What is Restorative Justice?
Restorative justice is a way of thinking about and responding to crime as a violation of people and relationships in addition to law-breaking. It is a philosophy, or a set of principles, that is used around the world in a variety of different contexts. The United Nations Working Group on Restorative Justice defines it in the following way: a process whereby parties with a stake in a particular offence resolve collectively how to deal with the aftermath of the offence and its implications for the future. In essence, we seek to repair the harms caused by crime and violence.
At Restorative Justice Victoria (RJV), we employ processes based on restorative justice philosophy. We use a victim-centred approach, which means resolving the harms the victim suffered informs everything we do. In order for this process to work, the offender must take responsibility for their role in the crime at the outset of the process.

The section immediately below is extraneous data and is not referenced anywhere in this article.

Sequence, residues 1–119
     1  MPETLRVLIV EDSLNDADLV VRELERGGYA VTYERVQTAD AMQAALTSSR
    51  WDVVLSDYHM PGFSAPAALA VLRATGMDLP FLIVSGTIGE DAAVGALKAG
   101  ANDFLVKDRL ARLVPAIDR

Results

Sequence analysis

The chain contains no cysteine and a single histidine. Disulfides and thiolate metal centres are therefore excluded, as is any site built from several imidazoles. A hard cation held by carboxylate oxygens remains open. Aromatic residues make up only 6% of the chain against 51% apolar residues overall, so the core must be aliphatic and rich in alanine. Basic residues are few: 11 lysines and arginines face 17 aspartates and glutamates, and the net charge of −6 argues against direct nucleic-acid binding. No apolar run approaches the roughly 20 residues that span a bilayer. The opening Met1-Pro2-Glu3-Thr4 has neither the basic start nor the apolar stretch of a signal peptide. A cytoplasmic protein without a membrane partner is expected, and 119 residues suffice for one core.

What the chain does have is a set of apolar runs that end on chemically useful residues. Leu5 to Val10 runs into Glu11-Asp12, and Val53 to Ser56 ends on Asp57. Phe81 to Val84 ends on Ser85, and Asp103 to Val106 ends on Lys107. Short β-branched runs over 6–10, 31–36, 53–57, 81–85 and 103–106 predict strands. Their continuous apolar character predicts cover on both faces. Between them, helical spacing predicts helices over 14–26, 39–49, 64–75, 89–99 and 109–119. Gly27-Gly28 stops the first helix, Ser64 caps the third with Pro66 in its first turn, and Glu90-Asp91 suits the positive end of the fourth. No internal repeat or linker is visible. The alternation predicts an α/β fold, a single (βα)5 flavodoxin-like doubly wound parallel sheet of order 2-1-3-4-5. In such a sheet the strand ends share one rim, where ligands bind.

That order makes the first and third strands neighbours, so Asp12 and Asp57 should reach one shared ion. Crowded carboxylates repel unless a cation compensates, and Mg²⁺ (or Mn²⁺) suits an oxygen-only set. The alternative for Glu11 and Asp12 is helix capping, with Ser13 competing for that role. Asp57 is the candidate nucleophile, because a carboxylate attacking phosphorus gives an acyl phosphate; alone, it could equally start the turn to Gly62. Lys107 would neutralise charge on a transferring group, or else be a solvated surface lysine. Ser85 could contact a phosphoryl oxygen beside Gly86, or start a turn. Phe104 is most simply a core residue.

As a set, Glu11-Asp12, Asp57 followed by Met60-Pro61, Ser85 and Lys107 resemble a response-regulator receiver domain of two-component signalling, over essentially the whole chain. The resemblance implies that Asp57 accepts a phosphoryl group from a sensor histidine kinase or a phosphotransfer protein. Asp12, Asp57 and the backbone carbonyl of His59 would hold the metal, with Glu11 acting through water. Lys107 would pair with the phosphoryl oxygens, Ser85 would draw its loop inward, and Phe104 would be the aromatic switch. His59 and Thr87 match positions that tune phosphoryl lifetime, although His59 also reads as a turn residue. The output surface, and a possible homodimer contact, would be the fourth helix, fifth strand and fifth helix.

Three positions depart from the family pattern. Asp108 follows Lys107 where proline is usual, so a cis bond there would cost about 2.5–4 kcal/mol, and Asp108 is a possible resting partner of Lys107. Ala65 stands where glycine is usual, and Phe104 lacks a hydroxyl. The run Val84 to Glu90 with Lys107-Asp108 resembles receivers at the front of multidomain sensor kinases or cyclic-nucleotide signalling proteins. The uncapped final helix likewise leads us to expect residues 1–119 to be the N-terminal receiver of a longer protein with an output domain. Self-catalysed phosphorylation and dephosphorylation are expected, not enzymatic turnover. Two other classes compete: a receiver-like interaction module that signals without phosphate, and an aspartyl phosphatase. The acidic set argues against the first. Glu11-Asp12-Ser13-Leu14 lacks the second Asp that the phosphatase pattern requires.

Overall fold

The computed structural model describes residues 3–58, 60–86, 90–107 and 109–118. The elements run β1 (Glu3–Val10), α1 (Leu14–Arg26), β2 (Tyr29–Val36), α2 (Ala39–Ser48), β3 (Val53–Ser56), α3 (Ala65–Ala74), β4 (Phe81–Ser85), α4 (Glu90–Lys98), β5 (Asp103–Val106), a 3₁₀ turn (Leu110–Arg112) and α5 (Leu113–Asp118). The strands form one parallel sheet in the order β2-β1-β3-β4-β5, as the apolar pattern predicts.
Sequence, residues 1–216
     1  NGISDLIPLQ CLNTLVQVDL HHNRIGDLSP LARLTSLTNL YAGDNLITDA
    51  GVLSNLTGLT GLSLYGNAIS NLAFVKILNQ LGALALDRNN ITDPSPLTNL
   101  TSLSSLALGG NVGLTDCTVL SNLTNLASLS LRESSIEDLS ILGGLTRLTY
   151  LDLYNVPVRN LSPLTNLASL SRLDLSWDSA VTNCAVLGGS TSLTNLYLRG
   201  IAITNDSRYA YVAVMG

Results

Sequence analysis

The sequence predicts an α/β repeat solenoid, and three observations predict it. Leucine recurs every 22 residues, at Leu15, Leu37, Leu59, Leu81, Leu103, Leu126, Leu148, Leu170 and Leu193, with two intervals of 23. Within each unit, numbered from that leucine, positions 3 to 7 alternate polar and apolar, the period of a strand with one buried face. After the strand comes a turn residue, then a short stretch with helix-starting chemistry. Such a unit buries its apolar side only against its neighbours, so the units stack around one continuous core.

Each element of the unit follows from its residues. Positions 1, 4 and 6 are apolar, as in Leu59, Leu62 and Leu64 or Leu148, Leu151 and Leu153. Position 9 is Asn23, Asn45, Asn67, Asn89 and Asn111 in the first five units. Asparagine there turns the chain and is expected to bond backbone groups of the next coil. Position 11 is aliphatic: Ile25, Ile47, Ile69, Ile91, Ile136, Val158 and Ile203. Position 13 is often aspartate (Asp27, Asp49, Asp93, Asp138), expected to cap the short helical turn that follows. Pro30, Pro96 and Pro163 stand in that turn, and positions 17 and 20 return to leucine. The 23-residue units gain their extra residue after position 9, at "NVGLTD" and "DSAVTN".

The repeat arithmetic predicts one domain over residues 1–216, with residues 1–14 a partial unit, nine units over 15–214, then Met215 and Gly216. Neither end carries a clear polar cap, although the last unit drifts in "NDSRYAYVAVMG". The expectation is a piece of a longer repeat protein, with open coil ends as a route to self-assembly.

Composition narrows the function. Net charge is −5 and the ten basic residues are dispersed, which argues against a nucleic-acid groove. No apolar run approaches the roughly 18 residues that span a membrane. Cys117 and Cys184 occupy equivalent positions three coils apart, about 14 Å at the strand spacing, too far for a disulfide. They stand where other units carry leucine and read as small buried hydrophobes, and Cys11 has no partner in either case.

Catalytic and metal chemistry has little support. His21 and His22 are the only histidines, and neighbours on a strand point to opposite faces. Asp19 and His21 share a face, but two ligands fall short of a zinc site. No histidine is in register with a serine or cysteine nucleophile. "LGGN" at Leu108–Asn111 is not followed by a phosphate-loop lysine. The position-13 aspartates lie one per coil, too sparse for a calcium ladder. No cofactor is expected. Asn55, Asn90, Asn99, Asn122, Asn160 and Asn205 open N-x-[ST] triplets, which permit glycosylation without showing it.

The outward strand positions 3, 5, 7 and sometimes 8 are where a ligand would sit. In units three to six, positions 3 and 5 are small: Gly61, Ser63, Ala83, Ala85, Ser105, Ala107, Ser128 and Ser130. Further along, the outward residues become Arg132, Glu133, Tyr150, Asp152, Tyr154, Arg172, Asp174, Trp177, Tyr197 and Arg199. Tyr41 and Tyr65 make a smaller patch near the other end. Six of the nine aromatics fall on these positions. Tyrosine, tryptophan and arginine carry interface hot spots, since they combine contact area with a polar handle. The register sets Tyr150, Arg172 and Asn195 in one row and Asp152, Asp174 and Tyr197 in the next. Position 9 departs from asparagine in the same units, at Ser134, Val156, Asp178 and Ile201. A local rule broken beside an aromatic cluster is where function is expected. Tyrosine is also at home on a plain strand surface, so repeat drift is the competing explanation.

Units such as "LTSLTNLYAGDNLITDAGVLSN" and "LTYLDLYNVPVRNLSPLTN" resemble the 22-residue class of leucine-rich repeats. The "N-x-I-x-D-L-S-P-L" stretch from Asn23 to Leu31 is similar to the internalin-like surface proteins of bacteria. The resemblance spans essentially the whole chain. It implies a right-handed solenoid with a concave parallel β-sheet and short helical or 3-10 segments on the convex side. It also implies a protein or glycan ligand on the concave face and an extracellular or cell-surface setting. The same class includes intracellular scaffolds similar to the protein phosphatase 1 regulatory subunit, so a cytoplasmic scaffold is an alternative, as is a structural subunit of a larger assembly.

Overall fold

We use a variety of processes and models with the goal of providing a tailored and appropriate response to each case that will best support and meet the needs of participants, with special consideration given to the needs and wishes of the victim.
Our processes are designed around the concepts of safety, dignity, belonging, respect, and connection. To read more about our processes, visit the Our Services page. To read about the transformative and healing experiences past clients have had at RJV, see the Testimonials page.